MSHSL uses unexpected profit to reduce fees for member schools

Published 7:34 pm Tuesday, August 10, 2021

Getting your Trinity Audio player ready...

The Minnesota State High School League last Tuesday, approved a credit to member districts in the upcoming 2021-22 school year to the tune of $1.063 million dollars.

The credit comes after the League came away from 2020-21 with an unexpected surplus due in part to forgiveness on a Paycheck Protection Program loan, attendance at winter and spring tournaments, sponsorships and events  televised by the League’s broadcast and streaming partners.

Sixty percent of the $1.063 million will go to reducing activity registration fees from $225 to $160 for each registered activity. The remaining 40% will be used to reduce MSHSL enrollment fee per participant from $6.35 to $4.60.

Email newsletter signup

“The Board of Directors met and approved a 2021-2022 Budget Adjustment, and consequently approved a reduction of membership dues for the 2021-2022 school year,” said board president Tom Jerome, the superintendent of schools in Roseau in a press release. “This is terrific news for our member schools and we look forward to an exciting year filled with opportunities and growth for our students, member schools and all others associated with the Minnesota State High School League.”

The announcement will undoubtedly be welcome news for districts who were forced to grapple with a sudden and hefty increase in membership fees last year that came in the form of two COVID-19 fees based on enrollment and split between two payments.

Schools with the largest enrollments were charged a total of $11,000 while smaller schools were being charged $1,000.

But there was pushback from districts who questioned the transparency of the league as well as the fairness in some cases. Lyle-Pacelli for instance was charged $1,500 for each school, even though the two schools co-op in all sports except for cross country.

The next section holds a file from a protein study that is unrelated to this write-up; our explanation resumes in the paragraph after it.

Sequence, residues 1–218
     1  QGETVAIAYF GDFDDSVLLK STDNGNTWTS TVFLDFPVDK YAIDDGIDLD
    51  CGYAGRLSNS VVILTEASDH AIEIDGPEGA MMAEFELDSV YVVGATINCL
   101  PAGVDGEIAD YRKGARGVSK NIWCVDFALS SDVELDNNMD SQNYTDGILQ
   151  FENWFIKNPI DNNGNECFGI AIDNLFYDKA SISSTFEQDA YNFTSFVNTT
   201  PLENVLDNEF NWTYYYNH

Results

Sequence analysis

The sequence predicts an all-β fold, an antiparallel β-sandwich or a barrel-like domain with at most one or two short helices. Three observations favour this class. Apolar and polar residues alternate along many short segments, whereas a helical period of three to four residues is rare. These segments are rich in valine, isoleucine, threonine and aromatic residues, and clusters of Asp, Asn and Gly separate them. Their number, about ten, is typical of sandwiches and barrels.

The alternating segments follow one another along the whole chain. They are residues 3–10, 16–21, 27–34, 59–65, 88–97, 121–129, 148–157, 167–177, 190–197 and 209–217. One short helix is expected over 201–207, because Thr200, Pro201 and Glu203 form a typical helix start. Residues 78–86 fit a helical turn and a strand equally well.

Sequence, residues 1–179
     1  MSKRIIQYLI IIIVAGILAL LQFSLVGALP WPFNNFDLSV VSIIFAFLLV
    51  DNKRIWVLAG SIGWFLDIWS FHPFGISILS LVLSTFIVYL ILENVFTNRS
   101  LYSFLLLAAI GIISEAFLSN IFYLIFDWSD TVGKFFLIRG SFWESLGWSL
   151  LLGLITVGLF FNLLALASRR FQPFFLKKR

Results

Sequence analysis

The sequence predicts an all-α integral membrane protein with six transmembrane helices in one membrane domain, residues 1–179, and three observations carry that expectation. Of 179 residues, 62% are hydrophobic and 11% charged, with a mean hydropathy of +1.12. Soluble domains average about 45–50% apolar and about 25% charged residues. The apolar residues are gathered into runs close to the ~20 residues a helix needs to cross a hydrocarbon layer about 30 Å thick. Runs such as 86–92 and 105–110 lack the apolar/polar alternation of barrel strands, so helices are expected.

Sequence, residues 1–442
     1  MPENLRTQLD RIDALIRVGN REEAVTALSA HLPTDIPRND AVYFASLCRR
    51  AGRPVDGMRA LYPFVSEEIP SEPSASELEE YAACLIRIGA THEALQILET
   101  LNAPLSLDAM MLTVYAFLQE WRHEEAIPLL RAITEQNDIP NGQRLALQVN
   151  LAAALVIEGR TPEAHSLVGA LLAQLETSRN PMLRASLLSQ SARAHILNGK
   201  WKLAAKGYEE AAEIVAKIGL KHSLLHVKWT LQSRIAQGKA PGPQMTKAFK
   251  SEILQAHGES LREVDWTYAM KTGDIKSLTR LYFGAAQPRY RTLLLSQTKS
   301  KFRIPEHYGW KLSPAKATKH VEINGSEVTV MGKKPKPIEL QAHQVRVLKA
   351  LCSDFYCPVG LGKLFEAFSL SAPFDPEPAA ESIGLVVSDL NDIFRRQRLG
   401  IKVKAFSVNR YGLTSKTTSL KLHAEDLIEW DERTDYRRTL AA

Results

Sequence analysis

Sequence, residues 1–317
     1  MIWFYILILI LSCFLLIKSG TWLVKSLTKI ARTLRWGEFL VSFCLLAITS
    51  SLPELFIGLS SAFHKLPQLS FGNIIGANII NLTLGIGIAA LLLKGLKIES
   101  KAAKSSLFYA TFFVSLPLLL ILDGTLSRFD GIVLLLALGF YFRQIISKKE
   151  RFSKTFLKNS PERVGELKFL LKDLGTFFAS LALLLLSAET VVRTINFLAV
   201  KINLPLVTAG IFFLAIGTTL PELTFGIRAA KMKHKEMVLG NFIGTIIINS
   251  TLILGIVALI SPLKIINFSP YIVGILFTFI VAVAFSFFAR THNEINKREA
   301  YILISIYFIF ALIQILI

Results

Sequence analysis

At the time, the two schools decided not to pay the fees until they could learn more.

“It is something that we’ll have to discuss. The MSHSL hasn’t really told us how they’re going to correct this and there is no guarantee that they won’t tack on more fees to us in the future,” Pacelli principal Kane Malo said back in November of 2020. “It’s really unfair with us being (a co-op) with Lyle. We’re playing one football team, but we’re paying double the amount for the sport. Both of us are paying the same amount at Austin High School.”

Lyle opted to pay the fee, but Pacelli has held out.

“We’ve been dragging our feet waiting for them to tell me what happens if we don’t,” Malo said last Wednesday, indicating that that the fact he hasn’t heard from the MSHSL indicates they were working toward finding a better solution. Last week’s news backs that up and Malo is happy there is a more equitable balance among schools.

“It’s nice they are taking some of their profits and lowering some of the school fees,” Malo said. “It’s coming off COVID and budgets are tight.”

Likewise, Austin High School Activities Director Lisa Quendow, who is also on the MSHSL board, said that the move to credit schools with this money shows that the league was willing to do what they could to reduce the burdens in a difficult situation.

“I think the league office did a great job really doing the best job it could,” she said.

APS ultimately paid the fees but was able to avoid transferring that increase down to students.

“We haven’t raised activity fees for 12 years,” she said. “We try to provide the opportunity for all students to participate who can participate.”